Omkar Singh Pahwa is not a very happy man and certainly not a big advocate of demonetisation. The MD of Avon Cycles has seen his sales plunge in the rural markets and take a significant knock in the urban space. “Retail sales have been badly affected. The demand for bicycles from small cities and rural markets is down by 85%, and in urban markets it is down by 25%,” says the worried-looking industry veteran who has been in business for more than five decades. He attributes the slump in demand to demonetisation directly. India produces 18 million bicycles each year, with Punjab accounting for 75% of bicycle production.
Ludhiana is the bicycle capital of India with over 4,000 manufacturers including Hero Cycles, which makes around 20,000 cycles a day. With most of its buyers paying cash, it was an industry that would be impacted by such a drastic policy shift. “The high-end bicycles, which are mainly used by city dwellers, hardly form about 1% of our sales. The medium and low-end variety of cycles form our bread and butter,” says Pahwa. The Rs.450 crore company depends on small cities and hinterland for 70% of its sales and sadly for them, consumers are postponing purchases till the demonetisation dust settles.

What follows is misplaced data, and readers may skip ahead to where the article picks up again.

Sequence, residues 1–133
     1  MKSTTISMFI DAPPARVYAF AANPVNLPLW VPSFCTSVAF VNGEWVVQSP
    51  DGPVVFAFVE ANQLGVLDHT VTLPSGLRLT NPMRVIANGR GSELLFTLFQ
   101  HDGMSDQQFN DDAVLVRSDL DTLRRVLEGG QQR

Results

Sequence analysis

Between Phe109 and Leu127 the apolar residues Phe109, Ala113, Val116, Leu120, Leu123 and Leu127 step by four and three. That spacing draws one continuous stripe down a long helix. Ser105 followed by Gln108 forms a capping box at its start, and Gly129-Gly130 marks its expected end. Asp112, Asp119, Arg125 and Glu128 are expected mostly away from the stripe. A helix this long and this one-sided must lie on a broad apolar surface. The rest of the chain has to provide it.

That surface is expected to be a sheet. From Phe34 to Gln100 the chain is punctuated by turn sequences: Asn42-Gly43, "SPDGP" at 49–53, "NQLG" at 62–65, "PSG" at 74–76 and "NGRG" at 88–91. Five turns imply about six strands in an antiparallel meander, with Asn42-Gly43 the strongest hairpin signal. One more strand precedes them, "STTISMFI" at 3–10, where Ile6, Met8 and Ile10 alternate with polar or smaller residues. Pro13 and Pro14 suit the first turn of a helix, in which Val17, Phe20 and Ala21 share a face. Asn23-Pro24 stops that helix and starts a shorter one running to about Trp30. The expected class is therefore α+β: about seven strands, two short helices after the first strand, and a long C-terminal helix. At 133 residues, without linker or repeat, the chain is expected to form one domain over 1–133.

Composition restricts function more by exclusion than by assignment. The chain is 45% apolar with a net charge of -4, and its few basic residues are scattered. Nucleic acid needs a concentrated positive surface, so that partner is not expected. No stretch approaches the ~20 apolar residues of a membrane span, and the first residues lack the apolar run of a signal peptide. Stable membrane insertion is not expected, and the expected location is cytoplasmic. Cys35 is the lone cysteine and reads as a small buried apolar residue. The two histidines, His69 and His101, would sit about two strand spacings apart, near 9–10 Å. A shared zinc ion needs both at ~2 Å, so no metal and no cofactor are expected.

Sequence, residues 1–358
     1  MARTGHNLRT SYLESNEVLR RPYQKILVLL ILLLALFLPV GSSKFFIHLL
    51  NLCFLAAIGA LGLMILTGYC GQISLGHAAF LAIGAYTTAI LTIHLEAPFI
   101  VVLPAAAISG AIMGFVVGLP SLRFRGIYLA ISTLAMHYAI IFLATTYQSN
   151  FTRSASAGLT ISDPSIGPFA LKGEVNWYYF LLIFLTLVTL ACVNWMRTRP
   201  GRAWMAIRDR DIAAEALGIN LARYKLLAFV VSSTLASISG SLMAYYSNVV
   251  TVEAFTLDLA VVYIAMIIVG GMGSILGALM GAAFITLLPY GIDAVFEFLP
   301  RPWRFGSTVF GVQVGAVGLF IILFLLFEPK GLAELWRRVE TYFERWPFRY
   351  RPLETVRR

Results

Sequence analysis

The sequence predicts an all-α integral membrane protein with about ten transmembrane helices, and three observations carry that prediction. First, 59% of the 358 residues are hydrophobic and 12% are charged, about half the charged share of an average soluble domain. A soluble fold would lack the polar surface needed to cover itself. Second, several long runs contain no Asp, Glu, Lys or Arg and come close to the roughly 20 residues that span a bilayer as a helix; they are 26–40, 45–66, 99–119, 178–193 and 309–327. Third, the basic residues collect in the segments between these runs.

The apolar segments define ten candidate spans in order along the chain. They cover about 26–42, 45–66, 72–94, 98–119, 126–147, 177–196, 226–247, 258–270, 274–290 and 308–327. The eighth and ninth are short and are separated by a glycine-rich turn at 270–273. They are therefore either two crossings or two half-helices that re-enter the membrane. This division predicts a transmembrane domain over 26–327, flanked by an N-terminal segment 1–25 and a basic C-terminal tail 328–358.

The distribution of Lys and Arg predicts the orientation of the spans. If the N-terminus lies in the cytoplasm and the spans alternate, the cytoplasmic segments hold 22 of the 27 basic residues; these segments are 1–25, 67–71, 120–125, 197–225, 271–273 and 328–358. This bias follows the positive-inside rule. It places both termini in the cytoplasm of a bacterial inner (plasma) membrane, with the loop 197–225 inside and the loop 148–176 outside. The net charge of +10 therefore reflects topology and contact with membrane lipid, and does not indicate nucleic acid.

While Pahwa feels that the long-term effect of demonetisation could be good, he is an immediate bearer of the cash crunch’s pain. “Earlier, we produced 10,000 bikes a day, but currently we are down to 8,000 units per day and that too because we have government orders. We will be able to fulfil that order very soon,” he says. Pahwa indicates that while big companies like Avon have been able to absorb the cash crunch shock, some of their small vendors have offloaded 70% of their workforce. The bicycle industry in Ludhania employs nearly 80,000 people.
The effect of demonetisation seems to have spilled on the entire industry in all the wrong ways. Maninder Singh of KS Munjal Industries that is a supplier to Hero Cycles, Avon Cycles, Safari and Neelam believes that demonetisation has shaken the backbone of the industry. But to what extent? “The impact is at two levels. Firstly, there has been a flight of employees; we lost 20% of them. Secondly, we have to deal with the demand s